Australia officially classifies koalas as ‘critically endangered’ as their numbers decline
Australia officially listed koalas across a vast swath of its east coast as “critically endangered” on Friday, as marsupials battled to survive the effects of bushfires, land clearing, drought and disease.
Conservationists said koala numbers have plummeted in much of eastern Australia over the past two decades, warning that they are now sliding toward extinction.
Environment Minister Susan Lee said she had classified koala populations as “endangered” to give them a higher level of protection in New South Wales, the Australian Capital Territory and Queensland.
The koala, a globally recognized symbol of Australia’s unique wildlife, was listed as “vulnerable” on the east coast just a decade ago.
“We are taking unprecedented measures to protect koalas,” the minister said, noting the government’s recent pledge of A$50 million (US$36 million) to protect and restore koala habitats.
Conservationists have welcomed the new status of koalas but have condemned Australia’s failure to protect the species so far.
“Koalas have gone from not listed to being vulnerable to being vulnerable within a decade. This is a shocking rapid decline,” said Stuart Blanche, a conservation scientist at the World Wide Fund for Nature in Australia.
“Today’s decision is welcome, but it will not prevent koalas from sliding toward extinction unless it is accompanied by stronger laws and incentives for landowners to protect their forest homes.”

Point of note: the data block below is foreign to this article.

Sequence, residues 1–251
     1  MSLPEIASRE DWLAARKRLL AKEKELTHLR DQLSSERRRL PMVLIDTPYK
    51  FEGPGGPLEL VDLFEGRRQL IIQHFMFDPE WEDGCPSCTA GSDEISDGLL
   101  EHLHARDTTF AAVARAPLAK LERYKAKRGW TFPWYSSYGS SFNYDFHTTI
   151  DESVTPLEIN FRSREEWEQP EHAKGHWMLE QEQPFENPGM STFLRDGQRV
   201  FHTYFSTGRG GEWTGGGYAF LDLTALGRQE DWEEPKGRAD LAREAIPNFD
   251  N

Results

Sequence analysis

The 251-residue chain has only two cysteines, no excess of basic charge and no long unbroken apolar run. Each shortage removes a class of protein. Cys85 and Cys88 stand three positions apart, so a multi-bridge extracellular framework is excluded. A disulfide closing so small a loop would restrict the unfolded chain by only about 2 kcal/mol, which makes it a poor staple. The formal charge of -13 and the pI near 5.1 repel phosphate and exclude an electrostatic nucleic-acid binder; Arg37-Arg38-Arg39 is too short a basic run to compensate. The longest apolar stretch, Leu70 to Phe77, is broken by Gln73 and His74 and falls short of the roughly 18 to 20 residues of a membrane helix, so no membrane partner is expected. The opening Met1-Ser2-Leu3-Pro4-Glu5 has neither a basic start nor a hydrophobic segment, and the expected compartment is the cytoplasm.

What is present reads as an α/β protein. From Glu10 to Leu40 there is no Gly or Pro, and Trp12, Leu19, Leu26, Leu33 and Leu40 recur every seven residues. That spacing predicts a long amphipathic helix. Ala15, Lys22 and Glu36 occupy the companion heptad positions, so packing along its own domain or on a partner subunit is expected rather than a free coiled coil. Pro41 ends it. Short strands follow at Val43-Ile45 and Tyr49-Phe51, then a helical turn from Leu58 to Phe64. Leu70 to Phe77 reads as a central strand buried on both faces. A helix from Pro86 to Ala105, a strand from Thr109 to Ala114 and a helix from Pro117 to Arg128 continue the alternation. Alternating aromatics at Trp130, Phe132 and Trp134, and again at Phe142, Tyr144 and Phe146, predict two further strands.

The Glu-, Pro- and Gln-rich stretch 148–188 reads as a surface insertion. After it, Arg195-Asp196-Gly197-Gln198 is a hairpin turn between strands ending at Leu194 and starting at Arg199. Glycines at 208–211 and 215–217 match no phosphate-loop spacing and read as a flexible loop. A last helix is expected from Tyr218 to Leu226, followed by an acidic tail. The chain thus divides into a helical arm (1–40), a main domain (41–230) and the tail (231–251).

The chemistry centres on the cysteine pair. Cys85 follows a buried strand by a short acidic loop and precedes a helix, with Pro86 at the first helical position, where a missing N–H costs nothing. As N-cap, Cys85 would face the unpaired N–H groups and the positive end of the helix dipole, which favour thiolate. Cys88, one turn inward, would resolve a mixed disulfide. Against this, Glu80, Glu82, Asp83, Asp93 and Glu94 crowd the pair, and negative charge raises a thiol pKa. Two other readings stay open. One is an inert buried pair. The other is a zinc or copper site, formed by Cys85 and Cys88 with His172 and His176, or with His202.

Conservationists said it was difficult to give accurate figures on koala numbers in the affected eastern states.
But an independent government advisory body – the Scientific Committee on Endangered Species – estimates that koala numbers have fallen from 185,000 in 2001 to just 92,000 in 2021.
Alexia Will-Belov of Humane Society International said East Coast koalas could become extinct by 2050 if no action is taken.
“We can’t afford any more clearing,” she said.
Conservation Australia said its own research showed the federal government had agreed to remove more than 25,000 hectares of koala habitat since the species was declared endangered a decade ago.
“Australia’s national environmental laws are so ineffective that they have done little to stop the ongoing destruction of koala habitats in Queensland and New South Wales since they were supposed to be protected a decade ago,” said Pasha Stasak, director of the Foundation’s Nature Campaign.
“The extinction of the koala should not happen,” Stasak added.
We must stop allowing their homes to be demolished for mines, new apartment buildings, agricultural projects and industrial logging.
Josie Shraded, campaign manager for Wildlife International, Josie Shrad, said Australian koalas were living on a “knife edge” even before the devastating “Black Summer” bushfires of 2019-2020 due to logging, drought, disease, car strikes and dog attacks. Animal Welfare Fund.
“We shouldn’t have allowed things to get to the point where we run the risk of losing a national icon,” Schrad said.
“The bushfires were the last straw. This should be a wake-up call for Australia and the government to move faster to protect critical habitats from development and land clearing and seriously address the impacts of climate change.”